Clients often want us to play it safe when it comes to kitchens. A show kitchen, however, is an opportunity to (as the management consultants say) “blue-sky” it – take risks, play with new ideas and transcend limitations. My team recently got to do just that at Vancouver’s Interior Design Show West, which took place at the end of September.
Our goal with our 400-square-foot kitchen, installed on behalf of Aya Kitchens, was to demonstrate that elegance and timelessness could still crackle with vitality and unpredictability. Rather than recite old pieties about good design, we hoped to generate discussion around what makes a space unique.
The kitchen was a hit; all weekend the space hopped with curious Vancouverites asking about what we’d done. Here are four interesting questions we heard.
Is white passé?
No. White, of course, is elemental; it will never go out of style. To use it liberally in the show kitchen, however, would have impeded the spirit of experimentation. White, especially paired with grey and dark wood, is a treatment we’ve used often at KDD in the past two years.
Instead, we wanted a curation of finishes that felt fresh to people, and from there develop our theme of subtle, West Coast glamour.
Our tangible starting point was a material we’d long wanted to use: Calacatta Fashion, which is a gorgeous species of Italian marble whose ivory base is shot through with soft, green-gold veins.
The mossy hue we used on the cabinet doors seemed an obvious choice, given the stone. Green, yes, but neutral enough to please the eye. (White wasn’t completely out of bounds; we restricted its use to the island’s 16-foot run of counter and the Scandinavian-inspired bar stools.)
Is brass making a comeback?
The greatest indulgences cause the greatest regrets – particularly, it seems, in matters of fashion. The ubiquity and aggressive gaudiness of brass light fixtures and doorknobs in the 1980s has created a miserable, 25-year hangover for gold finishes in North America.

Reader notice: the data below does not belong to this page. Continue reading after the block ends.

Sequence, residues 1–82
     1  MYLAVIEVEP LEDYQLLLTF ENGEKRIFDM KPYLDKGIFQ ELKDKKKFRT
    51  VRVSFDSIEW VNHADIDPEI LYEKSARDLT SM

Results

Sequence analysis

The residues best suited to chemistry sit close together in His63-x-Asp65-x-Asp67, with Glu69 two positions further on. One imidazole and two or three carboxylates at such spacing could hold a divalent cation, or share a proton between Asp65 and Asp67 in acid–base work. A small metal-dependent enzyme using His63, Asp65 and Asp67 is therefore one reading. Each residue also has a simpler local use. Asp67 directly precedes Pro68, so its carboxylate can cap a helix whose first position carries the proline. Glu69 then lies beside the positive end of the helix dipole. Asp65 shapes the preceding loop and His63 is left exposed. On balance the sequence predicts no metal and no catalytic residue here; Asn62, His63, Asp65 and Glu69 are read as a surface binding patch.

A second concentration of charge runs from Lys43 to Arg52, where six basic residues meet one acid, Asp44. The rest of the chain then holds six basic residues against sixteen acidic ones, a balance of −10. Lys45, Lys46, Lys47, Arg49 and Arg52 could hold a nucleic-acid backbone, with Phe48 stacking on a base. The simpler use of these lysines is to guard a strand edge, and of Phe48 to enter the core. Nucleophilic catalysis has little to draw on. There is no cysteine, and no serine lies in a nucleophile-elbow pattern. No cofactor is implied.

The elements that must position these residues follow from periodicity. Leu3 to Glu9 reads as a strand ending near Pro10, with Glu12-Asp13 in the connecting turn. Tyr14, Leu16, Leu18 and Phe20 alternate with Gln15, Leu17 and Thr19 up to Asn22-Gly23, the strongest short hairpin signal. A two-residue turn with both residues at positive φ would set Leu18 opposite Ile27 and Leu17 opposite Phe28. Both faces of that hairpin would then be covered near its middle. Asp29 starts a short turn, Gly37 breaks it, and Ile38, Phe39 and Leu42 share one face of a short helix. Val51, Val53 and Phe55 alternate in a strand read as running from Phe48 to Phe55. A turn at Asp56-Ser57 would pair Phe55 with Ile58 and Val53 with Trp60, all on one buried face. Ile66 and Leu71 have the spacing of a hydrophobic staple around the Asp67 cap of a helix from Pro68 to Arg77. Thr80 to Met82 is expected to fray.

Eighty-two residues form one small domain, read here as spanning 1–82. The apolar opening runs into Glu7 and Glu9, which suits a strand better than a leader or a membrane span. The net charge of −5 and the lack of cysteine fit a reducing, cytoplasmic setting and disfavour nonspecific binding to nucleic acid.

The short answer is yes, brass is coming back. Just not the way we remember. Consider this the hair of the dog.
The key to having gold, the colour (which isn’t always the metal we call brass), work gloriously is to use it sparingly. In the show kitchen, we custom-built a brushed-bronze hood fan, plated our hardware in brushed brass, and anointed the sink with a beautiful brass faucet.
The surrounding elements – the mossy cabinets, warm veins in the marble, and gold accents in the furnishings – offer support to the colour scheme without emphasizing it too strongly.
Is it for everybody? No – but what is? Gold is a great way to infuse a room with warmth, subtlety and glamour. European designers have never stopped using it, only we North Americans. We were so reckless a generation ago that it’s taken this long to recover.
Where’s the fridge?
As we do with televisions in living rooms, we hide the fridge in nearly every kitchen we design. This time, it seems, we were especially effective. (The fridge is in the left tower of cabinetry, on the back wall.) We designed the space to have the Gaggenau appliances be inconspicuous. The fridge happens to be so well-designed – with no awkward projections of exposed vents – it became nearly invisible.
(If you’re wondering, the wall oven is below the range; the dishwasher and the wine fridge were both in the island; and a microwave, considered unnecessary in a show kitchen, was left out.)
The lone appliance we wanted to draw attention to was the range. A beautiful blend of stainless steel and wrought iron, with gold burners, it appears perfectly contextualized beneath the gold hood fan.
What, no dining table?
This kitchen was purpose-designed for the occasion. Located directly opposite the IDSwest cocktail bar, our installation worked best if it invited the public to come in and have a look around.
For that reason, a large dining table parallel to our island would have been more obstacle than invitation. Instead, we designed L-shaped chaise lounges and called on local talents Brent Comber for tables and Omar Arbel at Bocci Design for lights.
The effect was fantastic – the area felt sophisticated, welcoming and West Coast.
AyA Kitchens and Bath, www.ayakitchens.com
Marble Art, www.marble-art.com
Blanco/Robinson Lighting and Bath, www.blancocanada.com
Metalsinos drawer pulls/Classic Brass appliance pulls/Bradford Hardware www.bradfordhardware.com
Gaggenau/Midland Appliances, www.gaggenau.com, www.midlandappliance.com
Brass hood fan
Burrard Mechanical, www.burrardmechanical.com
Pot lights and art lights
Juno Lighting/Robinson Lighting + Bath, www.junolightinggroup.com
Hanging pendant lights
Bocci Design, www.bocci.ca
Bari Design, www.baridesign.com
Window Works, www.windowworks.ca
Brent Comber, www.brentcomber.comReport Typo/Error